Jordanian government officials stress that the current policy is not merely symbolic, but a serious enforcement effort. In a July 17 interview with the Jordan Times, Bassem Kharabsheh, the director of Amman's Traffic Department, said, “It takes time to track down all the drivers since all the work is done through the [Uber] application.”

An informal transportation system — involving private individuals openly transporting people for payment off the books — currently operates across Jordan with little regulation, Zureiqat said. The urban planning specialist considers the current approach to the ride-hailing outfits a flawed policy, noting that the government is “being selective about cracking down on services like Uber and Careem, which are actually providing a high-quality service using technology.” Many citizens are suspicious of the police’s apparent double standard on transportation enforcement.

The Jordanian government and its representatives have not always been opposed to Uber. Dana Daoud, the director of the Information Bureau at the Jordanian Embassy in Washington, excitedly tweeted on April 3, 2015, “.@Uber launches its service in Amman, Jordan — Uber’s 300th city!”

After the Eid festival on July 6, however, the kingdom’s policy toward Uber changed dramatically. Hmoud explained that when Uber began allowing customers to pay with cash in addition to credit cards — thus operating exactly like a taxi service, but without a license — the government decided that it could no longer be lenient toward the company, allowing it to operate differently from taxis, which are subject to strict regulations. Taxis must register with the government and obtain permission from the LTRC for the use of their vehicles to provide public transit.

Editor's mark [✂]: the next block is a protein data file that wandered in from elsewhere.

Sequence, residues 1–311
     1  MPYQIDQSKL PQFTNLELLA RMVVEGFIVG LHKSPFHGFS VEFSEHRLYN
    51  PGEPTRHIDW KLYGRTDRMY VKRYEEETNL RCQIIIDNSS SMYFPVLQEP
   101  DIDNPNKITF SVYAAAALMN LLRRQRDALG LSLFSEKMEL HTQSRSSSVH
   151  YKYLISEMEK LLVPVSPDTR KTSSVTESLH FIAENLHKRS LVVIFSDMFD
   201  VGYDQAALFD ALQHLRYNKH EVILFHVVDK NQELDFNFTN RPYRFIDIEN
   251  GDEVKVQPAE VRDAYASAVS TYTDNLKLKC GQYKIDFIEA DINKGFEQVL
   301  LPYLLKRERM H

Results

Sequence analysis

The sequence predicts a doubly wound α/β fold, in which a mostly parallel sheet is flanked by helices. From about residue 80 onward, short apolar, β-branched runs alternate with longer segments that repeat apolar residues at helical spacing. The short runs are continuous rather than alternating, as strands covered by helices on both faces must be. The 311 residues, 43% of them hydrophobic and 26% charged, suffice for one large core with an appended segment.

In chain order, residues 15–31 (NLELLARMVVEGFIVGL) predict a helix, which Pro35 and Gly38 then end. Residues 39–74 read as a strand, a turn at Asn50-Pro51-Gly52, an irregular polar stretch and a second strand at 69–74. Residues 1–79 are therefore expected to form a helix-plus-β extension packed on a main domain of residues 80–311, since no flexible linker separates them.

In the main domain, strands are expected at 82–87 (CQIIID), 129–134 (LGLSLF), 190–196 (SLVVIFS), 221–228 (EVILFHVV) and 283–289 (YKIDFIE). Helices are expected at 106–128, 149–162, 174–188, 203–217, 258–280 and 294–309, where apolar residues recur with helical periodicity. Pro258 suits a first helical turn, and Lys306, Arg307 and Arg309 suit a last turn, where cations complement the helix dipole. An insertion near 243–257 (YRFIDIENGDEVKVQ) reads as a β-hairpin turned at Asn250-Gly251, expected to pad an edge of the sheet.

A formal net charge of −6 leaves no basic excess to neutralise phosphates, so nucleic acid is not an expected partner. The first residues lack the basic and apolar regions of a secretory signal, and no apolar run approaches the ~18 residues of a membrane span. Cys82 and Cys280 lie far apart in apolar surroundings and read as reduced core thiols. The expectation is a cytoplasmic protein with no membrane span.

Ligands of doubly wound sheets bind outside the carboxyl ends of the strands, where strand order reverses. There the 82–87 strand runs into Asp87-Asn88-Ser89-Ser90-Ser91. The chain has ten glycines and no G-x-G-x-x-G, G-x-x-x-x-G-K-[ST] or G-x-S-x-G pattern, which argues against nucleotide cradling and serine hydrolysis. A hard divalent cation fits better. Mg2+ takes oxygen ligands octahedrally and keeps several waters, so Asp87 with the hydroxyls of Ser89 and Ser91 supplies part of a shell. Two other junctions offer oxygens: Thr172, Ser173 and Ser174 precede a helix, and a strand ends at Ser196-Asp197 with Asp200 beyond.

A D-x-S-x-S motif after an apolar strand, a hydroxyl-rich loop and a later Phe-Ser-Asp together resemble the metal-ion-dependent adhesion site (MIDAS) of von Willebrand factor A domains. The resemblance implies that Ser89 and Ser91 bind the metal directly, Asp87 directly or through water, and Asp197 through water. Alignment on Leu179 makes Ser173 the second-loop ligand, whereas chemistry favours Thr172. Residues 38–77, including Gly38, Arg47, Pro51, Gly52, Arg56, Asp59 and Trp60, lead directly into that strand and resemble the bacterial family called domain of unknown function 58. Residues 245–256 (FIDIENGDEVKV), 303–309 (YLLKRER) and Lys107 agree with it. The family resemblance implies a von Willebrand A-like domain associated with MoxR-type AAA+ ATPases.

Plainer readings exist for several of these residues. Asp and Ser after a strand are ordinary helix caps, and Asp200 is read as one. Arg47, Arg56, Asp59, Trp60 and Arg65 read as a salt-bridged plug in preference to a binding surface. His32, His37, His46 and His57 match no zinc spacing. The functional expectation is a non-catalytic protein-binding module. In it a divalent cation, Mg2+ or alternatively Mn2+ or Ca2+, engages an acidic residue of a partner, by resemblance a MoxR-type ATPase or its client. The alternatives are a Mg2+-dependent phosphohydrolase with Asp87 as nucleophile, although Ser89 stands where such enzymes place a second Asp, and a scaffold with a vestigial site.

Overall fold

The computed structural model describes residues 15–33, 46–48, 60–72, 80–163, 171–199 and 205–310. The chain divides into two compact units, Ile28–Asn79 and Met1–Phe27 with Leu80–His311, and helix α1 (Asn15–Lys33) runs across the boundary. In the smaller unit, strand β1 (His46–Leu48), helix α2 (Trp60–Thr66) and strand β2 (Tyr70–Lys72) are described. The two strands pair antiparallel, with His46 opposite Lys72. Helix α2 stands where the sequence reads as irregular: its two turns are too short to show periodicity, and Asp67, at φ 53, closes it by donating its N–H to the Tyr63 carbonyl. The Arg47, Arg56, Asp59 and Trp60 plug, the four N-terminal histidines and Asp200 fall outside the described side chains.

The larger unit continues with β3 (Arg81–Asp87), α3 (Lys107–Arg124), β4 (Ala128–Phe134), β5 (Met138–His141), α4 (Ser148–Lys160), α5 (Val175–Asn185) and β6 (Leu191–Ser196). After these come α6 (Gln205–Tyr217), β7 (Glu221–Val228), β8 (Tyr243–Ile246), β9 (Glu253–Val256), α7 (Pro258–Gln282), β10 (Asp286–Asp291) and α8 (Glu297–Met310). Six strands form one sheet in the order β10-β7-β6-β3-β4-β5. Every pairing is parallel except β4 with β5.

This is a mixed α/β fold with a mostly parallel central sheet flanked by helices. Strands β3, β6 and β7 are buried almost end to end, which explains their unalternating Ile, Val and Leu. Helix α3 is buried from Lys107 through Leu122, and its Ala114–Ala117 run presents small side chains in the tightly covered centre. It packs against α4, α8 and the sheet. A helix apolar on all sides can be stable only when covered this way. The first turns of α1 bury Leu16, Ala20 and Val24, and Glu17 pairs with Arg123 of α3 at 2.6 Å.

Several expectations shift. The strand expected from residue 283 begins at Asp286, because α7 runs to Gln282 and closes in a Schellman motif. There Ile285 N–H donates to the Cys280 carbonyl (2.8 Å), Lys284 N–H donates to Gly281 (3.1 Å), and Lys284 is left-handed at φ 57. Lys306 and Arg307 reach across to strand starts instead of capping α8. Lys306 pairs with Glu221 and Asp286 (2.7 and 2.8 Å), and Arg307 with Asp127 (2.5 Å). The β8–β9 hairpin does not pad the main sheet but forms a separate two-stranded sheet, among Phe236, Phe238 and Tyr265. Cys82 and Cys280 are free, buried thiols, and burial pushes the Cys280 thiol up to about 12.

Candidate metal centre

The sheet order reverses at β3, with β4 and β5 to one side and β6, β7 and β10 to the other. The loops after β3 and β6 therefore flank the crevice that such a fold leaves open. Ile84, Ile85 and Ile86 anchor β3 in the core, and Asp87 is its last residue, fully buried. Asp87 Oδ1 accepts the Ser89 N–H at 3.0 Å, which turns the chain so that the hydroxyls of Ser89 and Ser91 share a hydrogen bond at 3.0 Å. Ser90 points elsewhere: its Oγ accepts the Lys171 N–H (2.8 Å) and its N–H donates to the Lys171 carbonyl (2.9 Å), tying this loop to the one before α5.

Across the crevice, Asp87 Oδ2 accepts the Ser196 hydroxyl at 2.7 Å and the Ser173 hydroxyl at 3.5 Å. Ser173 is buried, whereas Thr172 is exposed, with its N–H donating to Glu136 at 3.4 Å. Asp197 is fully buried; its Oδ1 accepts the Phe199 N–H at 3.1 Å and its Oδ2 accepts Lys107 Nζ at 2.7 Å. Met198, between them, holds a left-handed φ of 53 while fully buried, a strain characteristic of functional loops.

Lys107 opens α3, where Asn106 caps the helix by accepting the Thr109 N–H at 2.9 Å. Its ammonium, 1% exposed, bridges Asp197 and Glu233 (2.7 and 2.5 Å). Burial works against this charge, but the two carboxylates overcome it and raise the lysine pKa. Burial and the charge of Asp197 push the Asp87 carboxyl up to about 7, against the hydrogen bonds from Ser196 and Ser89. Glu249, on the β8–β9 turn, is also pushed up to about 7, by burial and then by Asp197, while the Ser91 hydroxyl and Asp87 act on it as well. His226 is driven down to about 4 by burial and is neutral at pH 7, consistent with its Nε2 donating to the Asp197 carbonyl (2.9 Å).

Many Jordanians reject the government’s assertion that the crackdown on Uber stems from “security” concerns, as Hmoud claimed. Basem Aggad, a frequent Uber user, said that unlike with taxis, Uber and Careem provide an extra layer of personal security. Users are provided with information about the driver and can verify the license plate before entering the vehicle. Aggad called the government’s seizure of Uber cars “absurd.”

Amid the current pressure on the company, Uber’s Middle East spokeswoman Shaden Abdellatif told Al-Monitor, “We are currently working with the government to help develop the regulatory framework to allow for the use of technology in the transport space.”

The police generally seize Uber vehicles for a week after issuing a citation for operating public transit without a license. Thus Jordanians can still use the app, but wait times have increased. Hmoud disclosed that his office does not know the number of Uber cars operating in Amman, and Abdellatif declined to provide such information.

One driver told Al-Monitor that the company reimburses drivers for the fine. Many of them return to the road despite the legal risks.

Al-Monitor spoke with an Uber driver who insisted on using the pseudonym Ahmad, due to fear of arrest. After arriving at Taj Mall in Amman to pick up a passenger three weeks ago, he said, the police seized his car for a week. Officials warned Ahmad that if they caught him working again for Uber, he would be required to pay a fine of 3,000 dinars ($4,230), approximately five times the average Jordanian monthly salary, in addition to possibly serving a jail sentence. Regardless, given the high rate of unemployment among young Jordanians, Ahmad returned to driving for Uber. “It’s risky, but Uber is the only job for me now,” he said.